Some bacteria use a
whip-like organ called a “flagellum” to move about in a liquid environment. This
organ is embedded in to the cell membrane and enables the bacterium to move at
will in a chosen direction at a particular speed.
|Sperm cells, too, use a flagellum in order to
Scientists have known
about the flagellum for some time. However, its structural details, which have
only emerged over the last decade or so, have come as a great surprise to them.
It has been discovered that the flagellum moves by means of a very complicated
“organic motor” and not by a simple vibratory mechanism as was earlier believed.
engine is constructed on the same mechanical principles as an electric motor.
There are two main parts to it: a moving part ("the rotor") and a stationary one
flagellum is different from all other organic systems that produce mechanical
motion. The cell does not utilise available energy stored as ATP molecules.
Instead, it has a special energy source: bacteria use energy from the flow of
ions across their outer cell membranes. The inner structure of the motor is
extremely complex. Approximately 240 distinct proteins go into constructing the
flagellum. Each one of these is carefully positioned. Scientists have determined
that these proteins carry the signals turning the motor on or off, form joints
to facilitate movements at the atomic scale, and activate other proteins that
connect the flagellum to the cell membrane. The models constructed to summarise
the working of the system are enough to depict the complicated nature of the
structure of the bacterial flagellum is sufficient all by itself to demolish the
theory of evolution, since the flagellum has an irreducibly complex structure.
Even if one single molecule in this fabulously complex structure were to
disappear, or become defective, the flagellum would neither work nor be of any
use to the bacterium. The flagellum must have been working perfectly from the
first moment of its existence. This fact again reveals the nonsense in the
theory of evolution's assertion of “step by step development”.
There are amazing designs even in the creatures
that evolutionists regard as “simple”. The bacterial flagellum is one of
countless examples. Bacteria travel in water by moving this organ on their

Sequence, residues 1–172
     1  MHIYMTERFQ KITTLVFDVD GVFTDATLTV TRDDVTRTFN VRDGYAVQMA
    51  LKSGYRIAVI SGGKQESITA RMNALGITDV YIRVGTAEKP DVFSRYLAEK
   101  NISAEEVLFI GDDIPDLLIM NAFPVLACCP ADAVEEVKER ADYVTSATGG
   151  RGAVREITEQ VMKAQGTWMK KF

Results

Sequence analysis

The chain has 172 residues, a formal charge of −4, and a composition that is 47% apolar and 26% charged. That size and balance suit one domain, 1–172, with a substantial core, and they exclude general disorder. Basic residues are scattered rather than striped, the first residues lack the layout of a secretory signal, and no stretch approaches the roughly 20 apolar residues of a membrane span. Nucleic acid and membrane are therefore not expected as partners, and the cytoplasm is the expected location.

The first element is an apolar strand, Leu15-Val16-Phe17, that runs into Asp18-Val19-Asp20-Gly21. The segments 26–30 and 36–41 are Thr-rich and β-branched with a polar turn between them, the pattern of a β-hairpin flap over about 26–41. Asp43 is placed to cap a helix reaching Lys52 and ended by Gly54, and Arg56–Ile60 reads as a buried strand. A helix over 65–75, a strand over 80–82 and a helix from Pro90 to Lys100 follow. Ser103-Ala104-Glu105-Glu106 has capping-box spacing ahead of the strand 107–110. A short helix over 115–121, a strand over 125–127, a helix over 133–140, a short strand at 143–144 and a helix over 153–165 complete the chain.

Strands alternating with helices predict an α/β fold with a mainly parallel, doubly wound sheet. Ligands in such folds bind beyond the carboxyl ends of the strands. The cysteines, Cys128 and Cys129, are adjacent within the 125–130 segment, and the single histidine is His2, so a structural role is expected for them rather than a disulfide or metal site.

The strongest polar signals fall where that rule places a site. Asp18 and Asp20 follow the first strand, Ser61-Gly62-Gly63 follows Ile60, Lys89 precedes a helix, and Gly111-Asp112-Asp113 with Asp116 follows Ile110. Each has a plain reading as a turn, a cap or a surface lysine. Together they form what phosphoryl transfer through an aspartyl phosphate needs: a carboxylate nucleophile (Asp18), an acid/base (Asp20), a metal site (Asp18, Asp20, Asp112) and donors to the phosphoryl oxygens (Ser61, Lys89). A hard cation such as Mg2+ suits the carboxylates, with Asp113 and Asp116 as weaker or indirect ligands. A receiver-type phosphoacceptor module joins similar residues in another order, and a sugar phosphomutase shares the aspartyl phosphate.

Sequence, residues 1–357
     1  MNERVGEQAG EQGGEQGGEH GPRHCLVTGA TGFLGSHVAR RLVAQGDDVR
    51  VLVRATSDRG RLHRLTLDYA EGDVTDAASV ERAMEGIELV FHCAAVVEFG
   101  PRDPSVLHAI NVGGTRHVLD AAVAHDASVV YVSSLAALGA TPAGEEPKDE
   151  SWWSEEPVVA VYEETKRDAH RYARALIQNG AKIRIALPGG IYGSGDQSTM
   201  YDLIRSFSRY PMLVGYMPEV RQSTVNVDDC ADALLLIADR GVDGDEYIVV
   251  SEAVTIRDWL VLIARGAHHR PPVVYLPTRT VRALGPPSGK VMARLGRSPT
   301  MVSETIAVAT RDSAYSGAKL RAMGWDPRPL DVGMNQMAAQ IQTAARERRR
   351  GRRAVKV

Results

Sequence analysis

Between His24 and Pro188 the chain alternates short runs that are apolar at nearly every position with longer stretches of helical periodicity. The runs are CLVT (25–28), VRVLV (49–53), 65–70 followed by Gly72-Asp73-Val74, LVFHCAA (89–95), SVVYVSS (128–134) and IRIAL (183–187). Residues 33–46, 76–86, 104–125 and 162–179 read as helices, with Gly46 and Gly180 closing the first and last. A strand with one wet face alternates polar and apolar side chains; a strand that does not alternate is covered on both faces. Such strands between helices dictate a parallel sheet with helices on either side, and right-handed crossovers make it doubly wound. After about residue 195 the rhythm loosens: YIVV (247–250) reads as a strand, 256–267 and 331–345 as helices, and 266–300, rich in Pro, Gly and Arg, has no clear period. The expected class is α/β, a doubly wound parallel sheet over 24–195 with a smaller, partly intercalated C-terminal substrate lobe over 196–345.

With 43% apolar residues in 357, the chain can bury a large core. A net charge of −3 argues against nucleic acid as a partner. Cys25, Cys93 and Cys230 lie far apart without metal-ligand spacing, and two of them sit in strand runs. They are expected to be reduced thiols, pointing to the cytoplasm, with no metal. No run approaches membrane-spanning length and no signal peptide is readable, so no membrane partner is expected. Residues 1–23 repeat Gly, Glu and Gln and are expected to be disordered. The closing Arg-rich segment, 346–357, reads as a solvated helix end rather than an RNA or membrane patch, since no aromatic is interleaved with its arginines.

membrane. When the inner details of this well-known organ were revealed, the
scientific world was extremely surprised to find that bacteria had an
extraordinarily complicated electric motor. The electric motor, which is
comprised of about fifty different molecular parts, is a wonder of design as
flagellum is clear evidence that even in supposedly "primitive" creatures, there
is an extraordinary design. As humanity becomes more deeply immersed in details,
it becomes increasingly obvious that the organisms scientists of the 19th
century, including Darwin , considered to be the simplest, are in fact just as
complex as any others. In other words, as the perfection of the creation becomes
clearer, the senselessness of the struggle to find alternative explanations for
the creation is much more obvious.
Bacteria swim in
viscous liquid environments by rotating helical propellers called flagella
flagellum is a nanomachine made of about 25 different proteins, each of them in
multiple copies ranging from a few to tens of thousands. It is constructed by
self-assembly of these large numbers of proteins, each into a different part
that exerts a different function, such as a rotary motor, bushing, drive shaft,
rotation-switch regulator, universal joint, helical propeller, and rotary
promoter for self-assembly.
Flagellar proteins are
synthesized within the cell body and transported through a long, narrow central
channel in the flagellum to its distal (outer) end, where they self-assemble to
construct complex nano scale structures efficiently, with the help of the
flagellar cap as the assembly promoter. The rotary motor, with a diameter of
only 30 to 40 nm, drives the rotation of the flagellum at around 300 Hz, at a
power level of 10 -16 W with energy conversion efficiency close to 100 %.
The structural designs
and functional mechanisms to be revealed in the complex machinery of the
bacterial flagellum could provide many novel technologies that would become a
basis for future nanotechnology, from which we should be able to find many